Latinos Omitted From Ken Burns’ ‘War’ – A Blessing in Disguise? – Full Story
New America Media, Commentary, Roberto Lovato, Posted: Sep 25, 2007Editor’s Note: Ken Burns’ World War II documentary is stirring controversy because of its lack of Latino representation. But NAM contributing editor Roberto Lovato says that in the scheme of things, perhaps it is a good thing.
PFC Peralta and his fellow cadets are but a few of the thousands of Latino children targeted for early indoctrination into the military by programs designed for the very young. The Coastal Patrol Cadet Corps website states clear goals: “Our activities are designed to build upstanding Americans, with physical and mental stamina, discipline and obedience. Instructions are given in numerous categories, including military discipline, leadership, infantry drill, rifle drill, seamanship, navigation, first-aid, communications, boat handling, drum, bugle and band instruments.”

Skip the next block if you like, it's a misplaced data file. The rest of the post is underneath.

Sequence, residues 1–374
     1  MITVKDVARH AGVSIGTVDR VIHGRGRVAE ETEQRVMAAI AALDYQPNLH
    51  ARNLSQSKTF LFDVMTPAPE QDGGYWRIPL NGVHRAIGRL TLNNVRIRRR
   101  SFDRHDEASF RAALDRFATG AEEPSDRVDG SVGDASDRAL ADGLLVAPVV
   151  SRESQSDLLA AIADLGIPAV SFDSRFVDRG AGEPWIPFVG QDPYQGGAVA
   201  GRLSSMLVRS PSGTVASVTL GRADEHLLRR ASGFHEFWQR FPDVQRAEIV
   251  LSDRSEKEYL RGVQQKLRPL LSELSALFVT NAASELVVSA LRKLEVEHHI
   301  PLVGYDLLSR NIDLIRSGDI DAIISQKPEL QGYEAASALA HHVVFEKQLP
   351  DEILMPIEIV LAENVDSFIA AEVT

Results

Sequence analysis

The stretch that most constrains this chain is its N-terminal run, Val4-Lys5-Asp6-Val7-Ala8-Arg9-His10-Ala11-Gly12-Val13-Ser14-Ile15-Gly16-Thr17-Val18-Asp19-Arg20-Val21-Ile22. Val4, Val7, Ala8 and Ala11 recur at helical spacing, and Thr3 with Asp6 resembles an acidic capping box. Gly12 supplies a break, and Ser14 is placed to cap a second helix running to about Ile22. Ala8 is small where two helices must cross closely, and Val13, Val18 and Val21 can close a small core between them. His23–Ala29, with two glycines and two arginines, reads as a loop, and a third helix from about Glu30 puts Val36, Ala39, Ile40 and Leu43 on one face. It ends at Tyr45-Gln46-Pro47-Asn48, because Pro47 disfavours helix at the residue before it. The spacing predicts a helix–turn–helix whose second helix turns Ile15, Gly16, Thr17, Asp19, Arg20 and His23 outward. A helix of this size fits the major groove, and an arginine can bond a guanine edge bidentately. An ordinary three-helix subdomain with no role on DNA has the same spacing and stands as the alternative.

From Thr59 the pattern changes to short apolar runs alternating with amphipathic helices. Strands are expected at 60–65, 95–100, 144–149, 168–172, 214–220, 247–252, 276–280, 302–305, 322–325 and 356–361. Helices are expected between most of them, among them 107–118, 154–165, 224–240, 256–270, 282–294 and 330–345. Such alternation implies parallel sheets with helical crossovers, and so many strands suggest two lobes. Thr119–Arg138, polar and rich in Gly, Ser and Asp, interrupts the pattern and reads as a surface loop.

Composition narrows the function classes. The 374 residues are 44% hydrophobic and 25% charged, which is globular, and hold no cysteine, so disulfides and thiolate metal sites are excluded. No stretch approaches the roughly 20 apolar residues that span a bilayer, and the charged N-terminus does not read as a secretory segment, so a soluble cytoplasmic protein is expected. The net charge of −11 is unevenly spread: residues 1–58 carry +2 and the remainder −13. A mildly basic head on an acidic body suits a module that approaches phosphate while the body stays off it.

I asked PFC Peralta if he knew anything about the Latino PBS “The War” controversy about Latino representation raging across the country. “No. I don’t know nothing about that,” said the son of immigrants from Puebla, Mexico. But he had, he told me, already made up his mind about the military: “I’m gonna be the captain of a navy ship.”
Since learning that The War initially excluded him and the more than 500,000 other Latinos who fought, were injured or died in World War II, Alvarez says he was “upset but not surprised” by what he calls “Mr. Burns negligence for omitting the Hispanic WW II experience.” Rather than fume about it, he and other friends in Brawley, CA collected money and took out a full page ad in their local newspaper. The former Private First Class, in the Army’s 7Th Cavalry’s Troop G, hopes that his campaign will “make people think and realize World War II was not fought and won solely by white males.”